Kinematic Self-Replicating Machines

© 2004 Robert A. Freitas Jr. and Ralph C. Merkle. All Rights Reserved.

Robert A. Freitas Jr., Ralph C. Merkle, Kinematic Self-Replicating Machines, Landes Bioscience, Georgetown, TX, 2004.


3.26 Robosphere Self-Sustaining Robotic Ecologies (2002-2004)

In November 2002, Silvano P. Colombano, a computer scientist at NASA/Ames Research Center, organized the first workshop on self-sustaining robotic ecologies called “Robosphere 2002” (Figure 3.82) [1300], with a second workshop scheduled for November 2004 [1301] and longer-term plans for a facility (Robosphere1) for experimentation on self-sustaining robotic activities and a virtual Robosphere environment (VRobosphere) for simulations at NASA. The stated purpose of the Robosphere effort is to “explore the possibility of long term or continuous robotic presence on planetary surfaces and in space, in order to increase scientific returns, decrease exploration costs and greatly decrease any chances of mission failures. The underlying notion is that of self-sustaining robotic ecologies, where the continuous survival and exploration activities of robotic teams and colonies are dependent on the exchange of matter, energy and information among robotic individuals and ‘species’.”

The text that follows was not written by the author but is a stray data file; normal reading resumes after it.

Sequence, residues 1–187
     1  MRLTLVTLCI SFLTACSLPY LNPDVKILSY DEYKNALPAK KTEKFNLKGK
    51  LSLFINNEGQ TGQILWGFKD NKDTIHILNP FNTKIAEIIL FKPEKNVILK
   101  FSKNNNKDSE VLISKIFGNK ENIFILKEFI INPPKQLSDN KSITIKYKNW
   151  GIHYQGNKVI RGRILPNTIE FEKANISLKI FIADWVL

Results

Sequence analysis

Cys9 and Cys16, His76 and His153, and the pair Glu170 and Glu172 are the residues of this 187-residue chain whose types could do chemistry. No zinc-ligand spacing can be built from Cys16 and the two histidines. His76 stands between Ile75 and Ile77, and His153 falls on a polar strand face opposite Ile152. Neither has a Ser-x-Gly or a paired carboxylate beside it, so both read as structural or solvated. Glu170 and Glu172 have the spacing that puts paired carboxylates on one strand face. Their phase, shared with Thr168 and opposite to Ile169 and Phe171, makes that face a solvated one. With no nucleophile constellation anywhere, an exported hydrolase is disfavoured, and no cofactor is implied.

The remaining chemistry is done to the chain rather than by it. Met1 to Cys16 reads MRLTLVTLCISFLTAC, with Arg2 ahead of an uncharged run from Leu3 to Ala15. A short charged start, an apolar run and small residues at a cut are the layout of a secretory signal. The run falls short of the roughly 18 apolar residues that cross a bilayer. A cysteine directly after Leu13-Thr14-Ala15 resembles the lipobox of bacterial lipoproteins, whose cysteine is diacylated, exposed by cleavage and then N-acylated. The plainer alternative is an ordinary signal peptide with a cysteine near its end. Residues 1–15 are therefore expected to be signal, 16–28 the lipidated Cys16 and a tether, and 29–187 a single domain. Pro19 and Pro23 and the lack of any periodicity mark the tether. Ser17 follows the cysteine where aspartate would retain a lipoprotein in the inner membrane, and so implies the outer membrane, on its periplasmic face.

Topics discussed at the 2002 Robosphere workshop included:

  1. Small robotic teams capable of mutual repair (modular robotics; reconfigurable robotics; self-repair, recycling and self-replication);
  2. Robotics outposts (functional specialization; energy production; shelter construction (for robots); utilization/production of parts);
  3. Planetary robotic infrastructures (robotic “oases”; robotic “highways”; robotic “factories”; scientific exploration infrastructure; communications/networks); and
  4. Robotic colony autonomy (distributed planning and scheduling; mixed-initiative planning; distributed execution monitoring and diagnosis; self-organization and cooperative strategies; colony models from biology and ecology, swarms; robotic ecologies with different scales, from rovers to nanorobots).

Papers were presented on self-replicating robots [977], robotic fabrication [1302] and robotic assembly [1303], robotic ecologies [1304, 1305], self-reconfiguring robots [1306], and autonomous robotics [1307, 1308].


Last updated on 1 August 2005